Legal Issues of Pocket Knives in Canada

When you picture a knife you either think of knives in your kitchen, the knives you use for everyday tools, and other times you think of them as deadly weapons. Knives are very useful tools and we need them on a daily basis. Whether you are a cook, a hunter, a fisherman or just need to cut open a box or cut a piece of rope, knives are very popular tools. However, even though they are considered useful tools, the Canadian Government believes there still needs to be laws to regulate the types of knives Canadians can own. In Canada some knives are illegal no matter what they are used for. If you live in Canada, how do you know the difference between a knife that is legal and ones that are illegal? It depends on the Canadian Federal laws, your local Canadian police department and your local provincial laws.

The Canadian Criminal Code, Article 84 covers the laws regarding illegal knives. The article defines a weapon as any object designed to be used in causing death or injury to any person or anything designed to be used for the purpose of threatening or intimidating any person. By this definition a butter knife could be considered a weapon. However, having a knife on your person does not make it illegal. According to the law, a person with a knife must have the intention to use the knife as a weapon. With this said, you can’t be blind to the fact that any pocket knife can be threatening and can cause serious injury.

The types of knives that are restricted in Canada are knives you can open automatically. An example would be a switchblade. Switch blades are folded knives that have their blade under spring tension. Some switchblades are side opening and others extend out the front. The blades on these knives are quickly deployed by pressing a button to release the tension on the spring quickly extending the blade. These knives are hard to be justified as being tools. How often would you buy a switch blade just to cut rope or open boxes? These knives were primarily designed to be weapons.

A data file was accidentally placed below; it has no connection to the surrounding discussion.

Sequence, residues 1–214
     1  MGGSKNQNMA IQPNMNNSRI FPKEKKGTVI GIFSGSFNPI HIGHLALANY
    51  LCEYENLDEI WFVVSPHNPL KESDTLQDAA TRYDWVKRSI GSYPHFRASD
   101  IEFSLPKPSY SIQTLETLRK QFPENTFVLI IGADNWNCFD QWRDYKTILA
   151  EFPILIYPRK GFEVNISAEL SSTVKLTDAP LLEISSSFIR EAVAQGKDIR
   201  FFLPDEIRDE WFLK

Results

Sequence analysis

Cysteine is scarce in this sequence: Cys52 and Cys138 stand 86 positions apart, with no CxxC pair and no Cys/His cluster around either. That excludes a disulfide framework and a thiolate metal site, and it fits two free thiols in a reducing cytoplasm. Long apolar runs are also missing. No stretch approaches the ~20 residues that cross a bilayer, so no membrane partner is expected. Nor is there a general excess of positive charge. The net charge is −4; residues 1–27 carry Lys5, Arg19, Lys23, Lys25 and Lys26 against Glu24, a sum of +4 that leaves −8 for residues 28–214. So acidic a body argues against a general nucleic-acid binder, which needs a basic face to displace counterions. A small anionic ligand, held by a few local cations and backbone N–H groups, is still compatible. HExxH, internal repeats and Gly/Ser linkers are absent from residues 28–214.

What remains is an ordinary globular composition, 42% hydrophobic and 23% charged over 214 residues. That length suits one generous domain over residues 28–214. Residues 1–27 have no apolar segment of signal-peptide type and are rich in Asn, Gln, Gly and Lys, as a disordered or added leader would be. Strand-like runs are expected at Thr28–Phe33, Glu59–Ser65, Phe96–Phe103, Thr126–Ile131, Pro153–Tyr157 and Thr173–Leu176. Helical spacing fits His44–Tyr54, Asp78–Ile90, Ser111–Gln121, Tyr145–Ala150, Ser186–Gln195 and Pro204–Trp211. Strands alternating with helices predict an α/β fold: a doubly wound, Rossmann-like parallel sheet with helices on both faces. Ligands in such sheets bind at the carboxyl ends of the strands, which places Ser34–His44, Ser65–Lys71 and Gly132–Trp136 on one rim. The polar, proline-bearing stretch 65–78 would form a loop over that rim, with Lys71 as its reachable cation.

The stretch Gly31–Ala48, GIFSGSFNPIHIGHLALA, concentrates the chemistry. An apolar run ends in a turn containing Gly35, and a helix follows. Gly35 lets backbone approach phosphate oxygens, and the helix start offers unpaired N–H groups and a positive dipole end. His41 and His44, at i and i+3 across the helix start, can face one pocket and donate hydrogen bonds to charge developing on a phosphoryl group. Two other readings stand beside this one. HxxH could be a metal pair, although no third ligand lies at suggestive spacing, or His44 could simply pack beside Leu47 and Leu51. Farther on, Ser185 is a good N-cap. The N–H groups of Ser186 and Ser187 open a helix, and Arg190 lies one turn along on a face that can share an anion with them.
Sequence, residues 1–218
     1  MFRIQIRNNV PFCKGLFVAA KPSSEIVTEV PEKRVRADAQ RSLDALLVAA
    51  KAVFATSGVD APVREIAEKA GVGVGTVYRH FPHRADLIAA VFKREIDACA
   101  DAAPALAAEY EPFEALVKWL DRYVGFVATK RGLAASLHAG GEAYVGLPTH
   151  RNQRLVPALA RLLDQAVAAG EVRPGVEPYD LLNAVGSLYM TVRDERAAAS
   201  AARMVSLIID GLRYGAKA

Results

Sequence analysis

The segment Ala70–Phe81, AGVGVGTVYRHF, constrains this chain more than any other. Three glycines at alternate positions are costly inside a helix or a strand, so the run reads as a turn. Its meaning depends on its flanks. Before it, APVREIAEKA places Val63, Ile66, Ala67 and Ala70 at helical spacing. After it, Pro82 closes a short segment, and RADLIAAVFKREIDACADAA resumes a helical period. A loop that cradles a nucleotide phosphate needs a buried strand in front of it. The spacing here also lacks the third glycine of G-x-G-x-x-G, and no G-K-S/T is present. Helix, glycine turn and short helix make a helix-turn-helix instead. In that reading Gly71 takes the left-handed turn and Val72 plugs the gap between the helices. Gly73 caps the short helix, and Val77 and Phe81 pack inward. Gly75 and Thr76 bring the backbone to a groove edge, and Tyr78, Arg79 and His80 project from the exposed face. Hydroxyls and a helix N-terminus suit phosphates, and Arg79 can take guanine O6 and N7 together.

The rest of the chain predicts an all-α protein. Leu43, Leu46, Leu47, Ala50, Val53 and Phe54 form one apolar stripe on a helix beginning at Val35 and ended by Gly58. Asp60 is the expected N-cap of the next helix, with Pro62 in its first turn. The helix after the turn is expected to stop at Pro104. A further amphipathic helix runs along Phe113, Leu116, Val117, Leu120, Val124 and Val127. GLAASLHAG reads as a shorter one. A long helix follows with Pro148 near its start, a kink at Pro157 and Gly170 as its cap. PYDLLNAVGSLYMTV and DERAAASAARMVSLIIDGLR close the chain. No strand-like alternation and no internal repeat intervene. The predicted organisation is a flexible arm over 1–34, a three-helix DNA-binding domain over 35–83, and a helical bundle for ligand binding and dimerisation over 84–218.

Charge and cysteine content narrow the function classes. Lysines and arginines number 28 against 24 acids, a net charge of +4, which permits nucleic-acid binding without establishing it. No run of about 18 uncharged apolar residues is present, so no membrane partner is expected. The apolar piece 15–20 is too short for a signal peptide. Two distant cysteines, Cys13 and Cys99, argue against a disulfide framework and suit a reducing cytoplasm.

Other knives prohibited by Canadian Law include knives that open automatically by gravity or centrifugal force. To determine if a knife falls under this law, police will try to release the blade out of the handle with only one hand. If the blade slides out then the knife is a considered an illegal weapon. The problem with this law is most modern pocket knives are designed to be opened with one hand. Manufacturers such as Gerber, SOG and Kershaw manufacture a large number of pocket knives that can be easily opened with one hand. So are these knives illegal in Canada? According to the Canadian Border Service Agency (CBSA) the following list of knife types are considered prohibited:

  • Automatic knives such as switchblades
  • Centrifugal knives such as flick knives or butterfly knives;
  • Gravity knives;
  • Constant Companion (belt-buckle knife)
  • Finger rings with blades or other sharp objects projecting from the surface;
  • Push daggers;
  • Spiked wristbands;

According to the CBSA list, normal pocket knives do not fall within any of these categories. To determine if a knife is illegal in Canada comes down to common sense. If your knife is practical for use when camping, hunting or simply cutting a rope, then it is legal. But if the same knife is used to harm another person, then it is weapon. When a knife is used to harm another person a prosecutor can argue that a small pocket knife is a dangerous weapon since it was used to harm someone. Thus a knife of any type can become a problem even if used in self defense.

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